This Halloween, we drove to a neighbourhood where I knew it would be filled with young families who lived at houses with short driveways; two prerequisites for successful trick-or-treating with two boys with short attention spans.
I wasn't taking any risks and a lot of math went into my decision: 13 years of Halloweens with about a 70% success rate (cut that in half if you consider that usually one boy out of two never made it past the first house); two hours of preparation and coaching before each outing; five pounds showing on Mom's scale every year after devouring all the collected candy that the boys didn't eat; one year of regret for giving up on the holiday and realizing it was a mistake.
My thirteen-year old boys, 'O' and 'W', are twins and they both have autism. To be completely honest, the best way to sum up how Halloweens have gone for my boys each year is that it's been a whole lot of fuss for a photo op and a checkmark on the good parenting checklist for my effort.
And each November 1st, as I scrolled through Facebook and clicked 'Like' on fellow parents' photos of their costumed kiddos and watch the 'Likes' rack up for my own, I felt more and more guilty that I put the boys through all that angst for something they just didn't really seem to care about.
Fighting O to keep his costume on and to take off his iPad headphones and trying to motivate them both to go through the motions of walking to people's doors to collect candy they don't even eat just started to seem pretty pointless.
"After 13 years of nothing coming easy, 13 years of aforementioned preparation and coaching, and teaching and coping and surviving and striving and advocating and fighting and praying.. I got tired."
So a few years ago, Halloween started turning into one of those holidays that we just didn't pay too much attention to. Costumes were still purchased, pumpkins still came home from school, but I never even mentioned the word Halloween until the day of, and I was indifferent to walking out our door to trick and treat our way up the street.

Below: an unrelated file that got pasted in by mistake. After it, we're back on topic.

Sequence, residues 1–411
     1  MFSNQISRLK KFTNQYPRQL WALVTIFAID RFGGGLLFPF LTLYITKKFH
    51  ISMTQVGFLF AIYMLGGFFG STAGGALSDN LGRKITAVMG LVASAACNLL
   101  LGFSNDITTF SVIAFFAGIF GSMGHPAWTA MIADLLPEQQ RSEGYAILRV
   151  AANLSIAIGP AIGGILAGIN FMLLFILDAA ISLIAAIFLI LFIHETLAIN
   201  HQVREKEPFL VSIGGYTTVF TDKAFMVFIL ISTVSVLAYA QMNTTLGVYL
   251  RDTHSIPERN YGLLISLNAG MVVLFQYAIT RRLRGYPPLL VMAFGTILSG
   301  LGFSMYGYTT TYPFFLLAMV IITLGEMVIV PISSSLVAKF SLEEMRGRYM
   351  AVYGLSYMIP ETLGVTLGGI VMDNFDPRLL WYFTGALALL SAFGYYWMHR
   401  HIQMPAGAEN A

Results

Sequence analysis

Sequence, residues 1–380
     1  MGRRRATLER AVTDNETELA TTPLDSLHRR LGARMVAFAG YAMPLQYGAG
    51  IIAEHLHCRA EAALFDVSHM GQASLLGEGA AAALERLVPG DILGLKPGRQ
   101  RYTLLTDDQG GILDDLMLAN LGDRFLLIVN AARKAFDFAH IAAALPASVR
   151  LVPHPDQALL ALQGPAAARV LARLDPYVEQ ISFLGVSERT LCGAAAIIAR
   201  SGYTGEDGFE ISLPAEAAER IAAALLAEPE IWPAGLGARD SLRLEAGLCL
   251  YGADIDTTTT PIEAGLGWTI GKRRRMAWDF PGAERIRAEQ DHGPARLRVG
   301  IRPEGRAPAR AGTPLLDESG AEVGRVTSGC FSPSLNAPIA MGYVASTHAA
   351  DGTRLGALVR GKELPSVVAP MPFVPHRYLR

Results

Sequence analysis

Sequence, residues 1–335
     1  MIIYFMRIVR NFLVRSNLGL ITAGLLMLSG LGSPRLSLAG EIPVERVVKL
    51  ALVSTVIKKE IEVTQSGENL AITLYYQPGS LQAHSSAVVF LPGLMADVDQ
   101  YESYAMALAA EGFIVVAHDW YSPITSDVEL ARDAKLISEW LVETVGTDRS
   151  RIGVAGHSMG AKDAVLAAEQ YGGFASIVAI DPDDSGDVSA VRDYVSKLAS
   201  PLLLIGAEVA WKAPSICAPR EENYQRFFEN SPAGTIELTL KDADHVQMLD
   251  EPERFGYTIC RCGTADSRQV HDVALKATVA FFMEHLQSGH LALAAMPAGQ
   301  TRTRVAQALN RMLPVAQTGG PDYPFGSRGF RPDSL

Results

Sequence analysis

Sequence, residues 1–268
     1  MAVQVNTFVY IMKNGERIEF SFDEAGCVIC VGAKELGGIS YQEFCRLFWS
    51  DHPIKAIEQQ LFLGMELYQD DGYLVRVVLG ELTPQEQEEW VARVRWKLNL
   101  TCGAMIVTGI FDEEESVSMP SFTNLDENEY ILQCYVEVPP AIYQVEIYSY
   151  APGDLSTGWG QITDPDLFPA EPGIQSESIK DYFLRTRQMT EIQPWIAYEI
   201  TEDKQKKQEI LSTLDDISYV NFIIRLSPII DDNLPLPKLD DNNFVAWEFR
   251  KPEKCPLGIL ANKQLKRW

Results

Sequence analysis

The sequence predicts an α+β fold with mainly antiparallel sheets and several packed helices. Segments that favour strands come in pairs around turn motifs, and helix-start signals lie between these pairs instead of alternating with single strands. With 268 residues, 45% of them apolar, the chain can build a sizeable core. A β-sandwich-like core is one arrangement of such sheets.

But instead of feeling like I had honoured my boys' (silent/non-verbal) wishes to forego this silly holiday tradition, I felt that nagging Mama guilt that seems to follow me every step of the way of my journey as I parent these kids.
Because recently, I have become aware that something seems to be happening in our little autism family bubble. I'll name it Autism Fatigue. After 13 years of nothing coming easy, 13 years of aforementioned preparation and coaching, and teaching and coping and surviving and striving and advocating and fighting and praying.. I got tired.
So having two non-verbal boys who appear pretty indifferent themselves to all things holiday-related, it was easy to just let it go. But when I took stock of how many other things I had just let go, I realized that my Autism Fatigue might be more of a catalyst than the boys' lack of enthusiasm.
I had dropped the effort to continue Christmas traditions like decorating gingerbread houses and getting their pictures taken with Santa, I didn't even bother to wrap gifts anymore because they didn't seem to care about unwrapping them.
With all the unpleasant stinky, hormonal changes that come with puberty and the teenage years, a new maturity and understanding also seems to have arrived with my boys. With 'W', I don't seem to have to spoon-feed him information like I used to have to; he seems to be putting things together all by himself.
About a month ago, he was pestering for something he saw on the Internet that he wanted me to buy for him. I told him that he would have to wait until Christmas. Next thing you know, he shows up in the kitchen dressed head to toe in a full Santa costume he had found in the crawl-space, booming "Merry Christmas everyone!" By golly, he gets it! Time to shake the sleep out of my eyes and get these guys back into the game -- and for me to get back into making memories.
So we rounded up one avocado and one banana costume; we painted one pumpkin and carved a couple more at school; we counted down the days on the calendar until we hit October 31st. With our loot bags in hand, we wove through the throngs of miniature superheroes and princesses and I shadowed my boys and prompted their "trick-or-treats" and "thank-you's" on Halloween Night.
My 5"2 boys (and their 5"4 Mama) have taken 13 years to figure out what Halloween is all about and appreciate each treat that lands itself in that loot bag. I am grateful to every homeowner who greeted my boys with a smile and compassion and who seemed to understand that their age and size didn't represent kids who were milking Halloween's freebie candy beyond the appropriate age limit.
I really believe that we are all just catching on to what the boys have been trying to tell me along -- that Halloween is worth the effort.
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